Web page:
Advances in testing for gluten intolerance offer accurate assessment
Gluten intolerance has been linked in the literature to 55 diseases so far, most of them autoimmune. Fortunately a revolutionary breakthrough in gluten reactivity testing at Cyrex Labs, founded on years of leading immunological research, is now available to help determine whether this ubiquitous substance is damaging your health.
Previously it was thought that the effects of gluten were limited to celiac disease, and strictly gut-oriented, such as bloating, gas, and abdominal pain. Thanks to ongoing research, we now know the effect of gluten on brain and nervous tissue is significantly worse and more far-reaching than we ever realized.
It’s estimated that in celiac disease, some patients have no gut symptoms, but instead experience neurologic and psychiatric symptoms. Some even experience no symptoms at all, while the gut and other body systems are still being damaged. These newly-discovered presentations of the disease are changing the face of celiac diagnosis and treatment.
What’s more, we now have a tome of research establishing the existence of non-celiac gluten sensitivity (NCGS), a condition researchers say affects up to 6 times the numbers of celiac disease. In NCGS, symptoms may be limited to the gut, but a growing body of research shows that in some individuals, NCGS can have significant impacts on the brain.
With the prevalence of neurologic effects due to gluten, proper testing is clearly a high priority for patients.
Problems with the old standard of tests for gluten intolerance
Thanks to an ongoing tradition of poor lab testing and general misinformation many people continue to eat gluten, unaware it is harming them:
Blood tests. The old standard of blood tests for gluten intolerance have a less than 30 percent accuracy rate. Would you tolerate that accuracy rate for cancer, heart disease, or pregnancy test?
Salivary tests. Most salivary tests produce false negatives due to the assessment of only one antibody of one wheat protein, while many gluten-based proteins exist that people can react to. Cyrex Labs offers salivary testing that screens for more than one type of antibody.
Stool tests. Stool tests produce false negative and false positives due to specimen-interfering factors that alter the outcome of results.
The old standard of tests screen for only one component of wheat.
Being gluten-intolerant isn’t as black and white as once thought. Actually “gluten” is a misnomer; gliadinis the portion of wheat that triggers an immune response. (Since “gluten” is commonly used I will stick with that term).
It has been discovered wheat is made up of more than 100 different components that can cause a reaction, not just one. The problem is, a person can react to only one ofthe many proteins in wheat, or a combination of proteins, peptides, and enzymes associated with wheat. Therefore, testing for only one is like pitching a pebble into a quarry and trying to find it.
Meanwhile practitioners still use the old tests, patients are told they are not reactive, and they continue to suffer.
Cyrex Labs hones in on the specifics of gluten intolerance
After many years of research and development Cyrex Labs in Arizona offers comprehensive and highly accurate testing for gluten intolerance. It’s time all practitioners get on board with these new test methods.
Cyrex Labs tests for 23 of the most antigenic (meaning most likely to provoke a reaction) pathogens associated with wheat and gluten.
Cyrex also offers testing for gluten cross-reactivity. For instance, eating dairy can trigger a gluten-like immune response because the body sees their protein structure as one and the same. Knowing about cross-reactivity helps patients to eliminate a source of added symptoms and bodily damage.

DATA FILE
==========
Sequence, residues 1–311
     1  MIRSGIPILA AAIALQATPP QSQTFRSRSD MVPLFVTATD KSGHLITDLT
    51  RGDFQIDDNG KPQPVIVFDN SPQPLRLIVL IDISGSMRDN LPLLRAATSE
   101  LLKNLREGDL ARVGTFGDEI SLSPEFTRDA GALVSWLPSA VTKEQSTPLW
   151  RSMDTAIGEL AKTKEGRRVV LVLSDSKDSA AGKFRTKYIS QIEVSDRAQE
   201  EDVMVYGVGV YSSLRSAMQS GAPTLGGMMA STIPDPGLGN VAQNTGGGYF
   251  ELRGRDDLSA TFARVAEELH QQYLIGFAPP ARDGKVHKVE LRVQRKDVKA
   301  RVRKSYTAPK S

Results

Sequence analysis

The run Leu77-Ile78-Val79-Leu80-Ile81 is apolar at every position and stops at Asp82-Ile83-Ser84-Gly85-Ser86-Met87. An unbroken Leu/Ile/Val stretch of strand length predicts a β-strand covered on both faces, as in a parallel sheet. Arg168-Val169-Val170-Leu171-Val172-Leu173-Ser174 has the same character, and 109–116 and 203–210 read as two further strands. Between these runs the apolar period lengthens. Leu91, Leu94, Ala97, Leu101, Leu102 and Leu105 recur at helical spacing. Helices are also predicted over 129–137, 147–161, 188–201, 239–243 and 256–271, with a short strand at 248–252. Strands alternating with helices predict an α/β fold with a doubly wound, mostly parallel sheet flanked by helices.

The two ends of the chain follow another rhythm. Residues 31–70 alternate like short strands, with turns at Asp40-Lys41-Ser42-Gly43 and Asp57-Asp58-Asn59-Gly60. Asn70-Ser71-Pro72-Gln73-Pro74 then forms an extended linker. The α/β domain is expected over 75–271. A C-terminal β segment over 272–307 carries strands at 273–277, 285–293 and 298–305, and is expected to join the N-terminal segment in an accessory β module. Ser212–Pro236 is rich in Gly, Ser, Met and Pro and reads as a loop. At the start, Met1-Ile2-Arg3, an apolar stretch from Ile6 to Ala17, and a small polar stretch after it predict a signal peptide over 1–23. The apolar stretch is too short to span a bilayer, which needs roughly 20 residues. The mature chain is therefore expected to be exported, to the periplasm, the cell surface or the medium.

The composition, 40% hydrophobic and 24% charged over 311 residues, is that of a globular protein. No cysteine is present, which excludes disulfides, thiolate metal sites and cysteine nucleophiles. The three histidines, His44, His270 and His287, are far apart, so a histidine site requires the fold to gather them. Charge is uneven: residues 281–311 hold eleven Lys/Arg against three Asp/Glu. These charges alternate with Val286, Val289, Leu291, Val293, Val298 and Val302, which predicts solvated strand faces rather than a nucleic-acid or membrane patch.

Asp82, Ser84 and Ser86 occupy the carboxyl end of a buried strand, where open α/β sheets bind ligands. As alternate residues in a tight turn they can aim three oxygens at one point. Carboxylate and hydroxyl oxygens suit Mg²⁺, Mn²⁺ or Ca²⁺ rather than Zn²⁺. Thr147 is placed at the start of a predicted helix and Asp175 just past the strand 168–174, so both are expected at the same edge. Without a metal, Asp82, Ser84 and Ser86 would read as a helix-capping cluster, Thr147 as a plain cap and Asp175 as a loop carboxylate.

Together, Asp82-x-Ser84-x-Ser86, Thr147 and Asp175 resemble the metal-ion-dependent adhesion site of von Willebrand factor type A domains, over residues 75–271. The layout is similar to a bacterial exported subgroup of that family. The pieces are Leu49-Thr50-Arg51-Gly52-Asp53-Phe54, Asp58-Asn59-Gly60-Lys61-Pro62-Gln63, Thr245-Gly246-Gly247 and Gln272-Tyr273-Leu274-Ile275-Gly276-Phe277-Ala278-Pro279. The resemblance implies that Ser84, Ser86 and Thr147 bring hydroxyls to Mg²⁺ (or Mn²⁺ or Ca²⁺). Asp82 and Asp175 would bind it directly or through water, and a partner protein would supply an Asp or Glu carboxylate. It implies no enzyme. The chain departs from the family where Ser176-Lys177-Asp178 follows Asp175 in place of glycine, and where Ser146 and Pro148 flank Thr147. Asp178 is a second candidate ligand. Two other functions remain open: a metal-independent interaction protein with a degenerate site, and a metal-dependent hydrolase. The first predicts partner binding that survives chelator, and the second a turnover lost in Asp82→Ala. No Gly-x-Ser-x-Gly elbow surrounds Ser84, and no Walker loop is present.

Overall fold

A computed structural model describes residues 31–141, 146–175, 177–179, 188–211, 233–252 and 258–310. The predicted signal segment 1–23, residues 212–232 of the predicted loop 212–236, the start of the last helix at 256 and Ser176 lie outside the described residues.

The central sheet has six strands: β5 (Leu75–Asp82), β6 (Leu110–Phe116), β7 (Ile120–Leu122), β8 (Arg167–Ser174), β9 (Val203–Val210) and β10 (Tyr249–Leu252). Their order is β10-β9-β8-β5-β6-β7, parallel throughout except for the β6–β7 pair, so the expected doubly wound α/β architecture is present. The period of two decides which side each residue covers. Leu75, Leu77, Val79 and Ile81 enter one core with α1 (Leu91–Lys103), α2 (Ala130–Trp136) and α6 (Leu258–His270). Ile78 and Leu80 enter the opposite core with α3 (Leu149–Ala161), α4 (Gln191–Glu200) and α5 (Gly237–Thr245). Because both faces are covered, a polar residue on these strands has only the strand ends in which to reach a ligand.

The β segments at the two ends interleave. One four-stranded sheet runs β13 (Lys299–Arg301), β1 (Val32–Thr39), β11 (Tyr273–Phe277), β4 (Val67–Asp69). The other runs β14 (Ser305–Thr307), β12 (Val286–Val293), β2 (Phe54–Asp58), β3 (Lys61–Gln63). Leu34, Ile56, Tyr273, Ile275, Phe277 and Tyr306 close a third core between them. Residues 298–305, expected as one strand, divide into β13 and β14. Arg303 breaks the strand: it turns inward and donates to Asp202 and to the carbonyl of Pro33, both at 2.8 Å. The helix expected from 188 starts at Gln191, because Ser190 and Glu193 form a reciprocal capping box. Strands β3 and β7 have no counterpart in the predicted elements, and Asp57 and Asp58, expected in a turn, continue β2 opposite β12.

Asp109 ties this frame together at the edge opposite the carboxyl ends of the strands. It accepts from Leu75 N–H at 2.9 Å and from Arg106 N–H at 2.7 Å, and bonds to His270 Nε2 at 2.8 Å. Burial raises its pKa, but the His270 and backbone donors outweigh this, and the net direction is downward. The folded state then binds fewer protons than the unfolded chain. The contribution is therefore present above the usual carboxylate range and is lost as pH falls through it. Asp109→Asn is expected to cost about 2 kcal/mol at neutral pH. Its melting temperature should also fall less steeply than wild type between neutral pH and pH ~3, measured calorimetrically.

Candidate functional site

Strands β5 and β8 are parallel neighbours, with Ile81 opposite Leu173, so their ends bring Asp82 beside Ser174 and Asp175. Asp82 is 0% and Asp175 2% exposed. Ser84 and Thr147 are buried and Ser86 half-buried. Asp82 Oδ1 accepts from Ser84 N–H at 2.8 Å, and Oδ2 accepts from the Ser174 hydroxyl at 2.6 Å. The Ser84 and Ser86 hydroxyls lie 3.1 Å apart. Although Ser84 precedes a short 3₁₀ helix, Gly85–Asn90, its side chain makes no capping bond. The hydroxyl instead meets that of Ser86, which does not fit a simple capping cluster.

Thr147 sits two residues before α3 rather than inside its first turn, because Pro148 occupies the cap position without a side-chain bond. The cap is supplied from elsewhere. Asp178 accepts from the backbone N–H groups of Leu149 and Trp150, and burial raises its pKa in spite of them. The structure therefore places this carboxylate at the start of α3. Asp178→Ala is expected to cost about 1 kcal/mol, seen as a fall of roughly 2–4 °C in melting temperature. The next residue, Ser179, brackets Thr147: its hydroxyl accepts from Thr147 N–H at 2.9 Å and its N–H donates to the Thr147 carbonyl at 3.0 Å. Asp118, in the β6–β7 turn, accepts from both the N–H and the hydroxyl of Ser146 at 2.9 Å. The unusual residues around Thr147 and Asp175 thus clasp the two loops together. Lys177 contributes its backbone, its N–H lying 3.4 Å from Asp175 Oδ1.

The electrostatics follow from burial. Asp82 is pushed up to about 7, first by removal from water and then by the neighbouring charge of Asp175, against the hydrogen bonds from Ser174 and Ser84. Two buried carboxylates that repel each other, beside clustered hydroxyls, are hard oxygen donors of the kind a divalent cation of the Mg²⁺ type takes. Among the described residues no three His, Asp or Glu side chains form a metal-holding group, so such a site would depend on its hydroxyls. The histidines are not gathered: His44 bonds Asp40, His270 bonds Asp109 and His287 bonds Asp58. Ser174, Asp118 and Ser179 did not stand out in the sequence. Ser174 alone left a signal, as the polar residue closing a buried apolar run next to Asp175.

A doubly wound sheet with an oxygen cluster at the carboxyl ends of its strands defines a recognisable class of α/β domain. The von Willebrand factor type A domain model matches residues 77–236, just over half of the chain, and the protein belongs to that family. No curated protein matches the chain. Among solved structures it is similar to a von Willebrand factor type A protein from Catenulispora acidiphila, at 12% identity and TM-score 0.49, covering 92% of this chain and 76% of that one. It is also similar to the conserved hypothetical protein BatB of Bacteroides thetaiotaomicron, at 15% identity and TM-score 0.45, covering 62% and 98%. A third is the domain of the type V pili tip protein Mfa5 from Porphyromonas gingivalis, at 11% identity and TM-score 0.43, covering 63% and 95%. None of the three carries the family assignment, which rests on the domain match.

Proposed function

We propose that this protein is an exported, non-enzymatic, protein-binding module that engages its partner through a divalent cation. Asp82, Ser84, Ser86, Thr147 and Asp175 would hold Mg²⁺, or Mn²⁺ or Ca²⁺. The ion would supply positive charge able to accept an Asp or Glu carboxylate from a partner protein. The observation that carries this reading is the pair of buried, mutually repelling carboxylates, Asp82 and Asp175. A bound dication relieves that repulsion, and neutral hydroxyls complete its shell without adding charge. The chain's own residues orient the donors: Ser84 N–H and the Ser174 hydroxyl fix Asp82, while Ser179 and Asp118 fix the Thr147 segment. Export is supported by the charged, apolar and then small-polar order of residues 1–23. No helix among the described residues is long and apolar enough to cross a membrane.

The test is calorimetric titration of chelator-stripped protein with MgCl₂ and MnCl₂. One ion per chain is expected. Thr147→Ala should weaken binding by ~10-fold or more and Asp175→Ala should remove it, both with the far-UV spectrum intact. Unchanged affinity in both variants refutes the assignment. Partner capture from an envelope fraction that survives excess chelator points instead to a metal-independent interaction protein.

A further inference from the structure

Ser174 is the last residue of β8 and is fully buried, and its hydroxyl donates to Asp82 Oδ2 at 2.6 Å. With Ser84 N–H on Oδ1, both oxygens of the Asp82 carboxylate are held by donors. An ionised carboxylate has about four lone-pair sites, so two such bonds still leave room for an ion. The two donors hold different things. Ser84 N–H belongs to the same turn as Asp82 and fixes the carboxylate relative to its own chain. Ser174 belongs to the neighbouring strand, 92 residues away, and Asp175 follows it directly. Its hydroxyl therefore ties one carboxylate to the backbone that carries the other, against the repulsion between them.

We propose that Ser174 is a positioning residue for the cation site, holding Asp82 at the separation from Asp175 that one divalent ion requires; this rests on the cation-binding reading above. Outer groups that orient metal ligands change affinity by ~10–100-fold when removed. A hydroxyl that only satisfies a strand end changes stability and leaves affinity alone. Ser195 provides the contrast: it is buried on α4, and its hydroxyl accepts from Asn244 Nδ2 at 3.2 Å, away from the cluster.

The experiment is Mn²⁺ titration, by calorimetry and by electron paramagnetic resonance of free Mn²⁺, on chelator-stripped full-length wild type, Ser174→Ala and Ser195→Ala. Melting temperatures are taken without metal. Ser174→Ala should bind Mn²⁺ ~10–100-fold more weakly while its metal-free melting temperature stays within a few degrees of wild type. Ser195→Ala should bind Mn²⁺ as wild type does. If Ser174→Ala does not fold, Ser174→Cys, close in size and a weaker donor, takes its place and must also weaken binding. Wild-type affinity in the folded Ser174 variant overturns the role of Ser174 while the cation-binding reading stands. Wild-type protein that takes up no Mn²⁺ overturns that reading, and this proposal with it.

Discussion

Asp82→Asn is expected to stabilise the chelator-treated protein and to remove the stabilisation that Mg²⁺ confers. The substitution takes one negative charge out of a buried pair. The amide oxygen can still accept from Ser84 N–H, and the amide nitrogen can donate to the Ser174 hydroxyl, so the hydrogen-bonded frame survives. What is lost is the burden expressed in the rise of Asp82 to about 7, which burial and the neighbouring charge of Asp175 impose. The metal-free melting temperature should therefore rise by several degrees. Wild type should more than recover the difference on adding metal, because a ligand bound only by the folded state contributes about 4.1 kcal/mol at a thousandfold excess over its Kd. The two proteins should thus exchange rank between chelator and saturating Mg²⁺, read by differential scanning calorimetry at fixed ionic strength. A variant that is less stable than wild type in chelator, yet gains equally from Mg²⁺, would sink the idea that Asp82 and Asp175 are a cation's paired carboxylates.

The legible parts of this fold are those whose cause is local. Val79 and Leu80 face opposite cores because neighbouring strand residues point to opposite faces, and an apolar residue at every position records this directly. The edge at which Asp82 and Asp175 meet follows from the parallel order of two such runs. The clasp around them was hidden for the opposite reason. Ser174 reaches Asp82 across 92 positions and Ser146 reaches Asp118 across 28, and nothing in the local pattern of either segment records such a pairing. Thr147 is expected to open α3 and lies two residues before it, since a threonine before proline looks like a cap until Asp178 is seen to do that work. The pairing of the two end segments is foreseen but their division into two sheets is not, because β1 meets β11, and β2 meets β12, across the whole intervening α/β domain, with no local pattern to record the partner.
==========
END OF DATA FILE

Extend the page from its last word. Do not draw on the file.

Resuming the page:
Cyrex was founded by Aristo Vojdani, Ph.D., M.Sc., C.L.S., a leading researcher in the fields of autoimmune disease and neuroimmunology who has published 120 peer-reviewed articles in scientific journals. As new research expands our collective knowledge about reactivity to food and environmental factors, Cyrex expands its offering of test arrays.
Cyrex offers these tests in relation to gluten sensitivity
Array 2: Intestinal Antigenic Permeability Screen™
Measures intestinal permeability (leaky gut) and also helps determine the damaging route through the intestinal wall.
Recommended if you:
- Present multiple symptoms.
- Have symptoms of food sensitivies and intolerances.
- Suffer from abnormal immune cell count and function (including autoimmune diseases.)
This test identifies how gluten is robbing you of gut health.Gluten causes inflammation in the gut, which eventually leads to intestinal permeability, or “leaky gut.” Leaky gut allows undigested food particles, bacteria, and other pathogens to escape into the bloodstream where they can trigger sensitivities, allergies, and inflammation in other parts of the body.
Several different mechanisms cause leaky gut:
- Breakdown of cells
- Loosening of the junctures of the gut lining
- Bacterial infection
This test pinpoints which of these is causing leaky gut so your practitioner knows what to specifically target for faster and more efficient gut repair.
Array 3X: Wheat/Gluten Proteome Reactivity and Autoimmunity™
More than one wheat protein can cause gluten intolerance — Cyrex Labs tests for 23
Recommended if you:
- Experience gastrointestinal symptoms that haven’t responded to treatment.
- Exhibit multiple symptoms.
- Suffer from depression or neurological autoimmunity.
A highly sensitive and accurate measure of gluten reactivity, this is a great test for people who have a family history of autoimmune disease, even if they’re asymptomatic. Since so many autoimmune diseases are triggered by gluten, this test shows the patient a gluten-free diet can prevent him or her from going down the same road as family members.
Array 3X measures 23 factors: antibody production against 8 wheat proteins and peptides, 3 essential structure enzymes and the gliadin-transglutaminase complex. Until recently testing for gluten intolerance was against only oneof those components, alpha gliadin. Surprisingly, many practitioners still use this outdated testing. Through extensive research Cyrex pinpointed the other components of wheat that most often provoke an immune response.
This test greatly expands the parameters of gluten intolerance testing, catching those who may have previously tested negative because they don’t react to the alpha gliadin.
Note: If a patient is completely gluten-free for more than four weeks before the test, there is a potential for a false negative result. Array 4 (below) was designed for a patient already on a gluten-free diet.
Gliadin IgA + IgG antibodies. IgA and IgG antibodies, the two primary antibodies involved in an immune intolerance, are used to screen for gluten intolerance. Screening for both gives a more accurate view of immune status.